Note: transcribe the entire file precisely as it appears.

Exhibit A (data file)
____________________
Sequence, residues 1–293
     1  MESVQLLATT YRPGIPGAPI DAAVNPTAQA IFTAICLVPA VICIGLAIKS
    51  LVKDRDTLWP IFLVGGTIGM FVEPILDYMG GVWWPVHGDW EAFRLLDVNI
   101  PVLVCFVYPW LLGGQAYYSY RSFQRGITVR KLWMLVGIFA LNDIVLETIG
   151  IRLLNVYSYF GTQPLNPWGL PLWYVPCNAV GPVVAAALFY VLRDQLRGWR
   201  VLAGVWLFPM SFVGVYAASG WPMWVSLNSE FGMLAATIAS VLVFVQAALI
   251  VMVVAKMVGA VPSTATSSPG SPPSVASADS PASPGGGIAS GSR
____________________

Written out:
Sequence, residues 1–293
     1  MESVQLLATT YRPGIPGAPI DAAVNPTAQA IFTAICLVPA VICIGLAIKS
    51  LVKDRDTLWP IFLVGGTIGM FVEPILDYMG GVWWPVHGDW EAFRLLDVNI
   101  PVLVCFVYPW LLGGQAYYSY RSFQRGITVR KLWMLVGIFA LNDIVLETIG
   151  IRLLNVYSYF GTQPLNPWGL PLWYVPCNAV GPVVAAALFY VLRDQLRGWR
   201  VLAGVWLFPM SFVGVYAASG WPMWVSLNSE FGMLAATIAS VLVFVQAALI
   251  VMVVAKMVGA VPSTATSSPG SPPSVASADS PASPGGGIAS GSR